The patient underwent an endoscopic transnasal approach. A wide bilateral sphenoidotomy and left posterior ethmoidectomy were completed to access the anterior clinoid lesion. Adequate decompression of the optic nerve was achieved. The overlying mucosa was stripped off and the capsule of the mucocele was cut allowing drainage of the thick yellowish mucoid contents. Postoperative course was uncomplicated. Histopathological examination of the surgical specimen was consistent with a mucocele. The patient noticed an improvement of vision in the left eye following surgery. At 6 months follow-up, the patient preserved complete vision in the left eye without any deficit of visual fields or color vision.


The term Onodi cell refers specifically to a variant of a posterior ethmoid air cell which enters the sphenoid bone [1, 3, 5]. The clinical significance of an Onodi cell is that it is closely associated with the optic nerve, and the optic nerve often runs close to the small cavity of the Onodi cell [2, 5, 7]. However, they are anatomically distinct with an incidence of 8%–14% [4, 5]. Therefore, a mucocele in an Onodi cell is extremely rare with only 19 cases reported in the literature [1-14]. Irrespective of the pathophysiological origin of mucoceles, the expansion and chronic inflammation lead to gradual resorption and remodeling of the surrounding bone. Further enlargement can induce a mechanical compression of the optic nerve, causing retrobulbar optic neuropathy [2, 4, 6, 10].

The main symptoms caused by primary mucoceles of the anterior clinoid process are orbital symptoms, such as retro-orbital pain, diplopia, and progressive visual loss [7, 8]. Optic neuropathy occurs as a result of direct compression of the optic nerve, while contiguous spread of the inflammatory reaction from the lining of the mucocele may result in optic neuritis [2, 3].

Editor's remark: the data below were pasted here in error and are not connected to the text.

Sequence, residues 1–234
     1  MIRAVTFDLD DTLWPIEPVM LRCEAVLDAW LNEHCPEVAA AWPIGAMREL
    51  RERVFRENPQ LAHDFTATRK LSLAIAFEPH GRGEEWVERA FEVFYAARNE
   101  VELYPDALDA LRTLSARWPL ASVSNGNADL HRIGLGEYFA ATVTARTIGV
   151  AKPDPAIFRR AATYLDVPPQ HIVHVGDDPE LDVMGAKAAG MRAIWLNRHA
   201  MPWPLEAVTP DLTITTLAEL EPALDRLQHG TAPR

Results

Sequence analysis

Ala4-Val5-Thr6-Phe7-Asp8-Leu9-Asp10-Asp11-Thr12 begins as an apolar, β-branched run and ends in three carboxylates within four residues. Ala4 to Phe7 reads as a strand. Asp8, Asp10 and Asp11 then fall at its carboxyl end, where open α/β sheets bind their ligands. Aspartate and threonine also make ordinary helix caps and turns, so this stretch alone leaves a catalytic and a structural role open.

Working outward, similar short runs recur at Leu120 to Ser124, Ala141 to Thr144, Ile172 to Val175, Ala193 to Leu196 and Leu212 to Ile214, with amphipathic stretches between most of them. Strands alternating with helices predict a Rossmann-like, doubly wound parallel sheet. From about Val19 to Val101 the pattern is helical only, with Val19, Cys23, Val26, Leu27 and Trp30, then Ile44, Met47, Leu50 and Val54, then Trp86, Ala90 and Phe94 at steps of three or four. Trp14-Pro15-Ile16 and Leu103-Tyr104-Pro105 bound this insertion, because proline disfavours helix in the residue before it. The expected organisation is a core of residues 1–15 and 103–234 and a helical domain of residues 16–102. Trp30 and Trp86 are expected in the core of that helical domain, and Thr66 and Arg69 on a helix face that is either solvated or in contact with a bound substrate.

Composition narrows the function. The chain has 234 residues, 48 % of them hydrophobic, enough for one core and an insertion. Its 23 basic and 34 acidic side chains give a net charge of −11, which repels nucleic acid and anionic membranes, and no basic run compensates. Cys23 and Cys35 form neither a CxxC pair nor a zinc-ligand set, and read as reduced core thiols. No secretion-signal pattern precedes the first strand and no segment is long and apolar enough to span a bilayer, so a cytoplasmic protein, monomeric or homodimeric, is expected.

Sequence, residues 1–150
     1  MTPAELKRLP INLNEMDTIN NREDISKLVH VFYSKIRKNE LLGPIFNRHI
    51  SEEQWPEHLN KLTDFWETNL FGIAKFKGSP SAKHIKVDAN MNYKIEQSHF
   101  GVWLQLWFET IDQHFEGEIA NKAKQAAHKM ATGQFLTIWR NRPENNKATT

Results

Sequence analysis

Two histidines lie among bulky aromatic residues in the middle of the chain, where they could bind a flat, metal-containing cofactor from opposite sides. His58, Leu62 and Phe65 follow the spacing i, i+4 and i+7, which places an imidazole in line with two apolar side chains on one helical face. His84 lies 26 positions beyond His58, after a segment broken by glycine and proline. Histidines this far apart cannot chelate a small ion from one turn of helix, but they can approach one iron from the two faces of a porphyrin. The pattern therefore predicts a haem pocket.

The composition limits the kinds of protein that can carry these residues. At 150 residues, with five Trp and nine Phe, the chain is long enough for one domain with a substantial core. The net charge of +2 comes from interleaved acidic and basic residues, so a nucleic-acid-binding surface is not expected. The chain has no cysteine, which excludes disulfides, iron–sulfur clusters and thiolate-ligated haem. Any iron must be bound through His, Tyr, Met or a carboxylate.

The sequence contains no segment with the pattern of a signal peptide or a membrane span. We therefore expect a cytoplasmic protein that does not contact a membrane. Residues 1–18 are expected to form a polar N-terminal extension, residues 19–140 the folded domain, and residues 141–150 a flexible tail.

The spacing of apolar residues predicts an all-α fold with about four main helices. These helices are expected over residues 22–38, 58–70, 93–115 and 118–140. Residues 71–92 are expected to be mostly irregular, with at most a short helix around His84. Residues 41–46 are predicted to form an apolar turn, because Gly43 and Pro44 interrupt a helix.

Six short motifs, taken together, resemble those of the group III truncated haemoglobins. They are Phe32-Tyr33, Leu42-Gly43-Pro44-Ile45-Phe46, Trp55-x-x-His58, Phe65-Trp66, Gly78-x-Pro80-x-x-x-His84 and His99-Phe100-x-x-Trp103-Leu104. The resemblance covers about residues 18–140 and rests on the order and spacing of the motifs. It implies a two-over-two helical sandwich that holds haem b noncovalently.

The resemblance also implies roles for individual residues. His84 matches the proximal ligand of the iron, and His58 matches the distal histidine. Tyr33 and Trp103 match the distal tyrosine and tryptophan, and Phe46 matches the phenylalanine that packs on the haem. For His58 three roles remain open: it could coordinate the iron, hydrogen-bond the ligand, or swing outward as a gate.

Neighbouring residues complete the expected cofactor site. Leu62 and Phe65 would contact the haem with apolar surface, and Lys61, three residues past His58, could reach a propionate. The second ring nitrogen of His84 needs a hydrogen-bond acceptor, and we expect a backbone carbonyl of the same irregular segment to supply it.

Radiologic studies, including axial and coronal MRI and coronal CT scans, are important in diagnosing this lesion. Axial and coronal MRI scans are valuable for detecting orbital apex lesions, and a coronal CT scan is useful for the differential diagnosis of an osseous origin and preoperative evaluation [7, 9, 10]. MR imaging complements the CT findings and defines the relationship of the mucocele with surrounding neurovascular structures with greater precision [2, 3, 9]. The MRI characteristics of these lesions can vary considerably depending on the water and protein contents of the cyst. These lesions also tend to be non-enhancing, although mild peripheral enhancement has been described [9]. Mucoceles with homogeneous enhancement and isointense signals on both T1- and T2-weighted sequences may occasionally mimic a neoplasm [9-11].

The principal therapy is an immediate decompression of the optic nerve via an endoscopic transnasal approach [1, 3, 7, 12] or a transcranial approach [2, 8, 13, 14]. A large marsupialization of the mucocele is generally definitive and complete removal of the cyst wall should be performed whenever possible [1-3, 7, 8]. Medical management of these expansile lesions may include intravenous antibiotics and/or high-dose steroids [1-3].

Following surgical decompression, the recovery of visual function is variable [1-8]. While the optimal timing of surgery is not well defined, Excellent results can be obtained if the nerve is urgently decompressed. Although patients presenting late have a poorer prognosis, some patients may still improve significantly with surgical intervention [9, 13].


Special thanks to Pr. Abdelhamid Messary for help with revision and writing.

Warm thanks to Asri Abbad Cherif for his involvement in this work.

Disclosure of interest

The authors declare that they have no conflicts of interest concerning this article.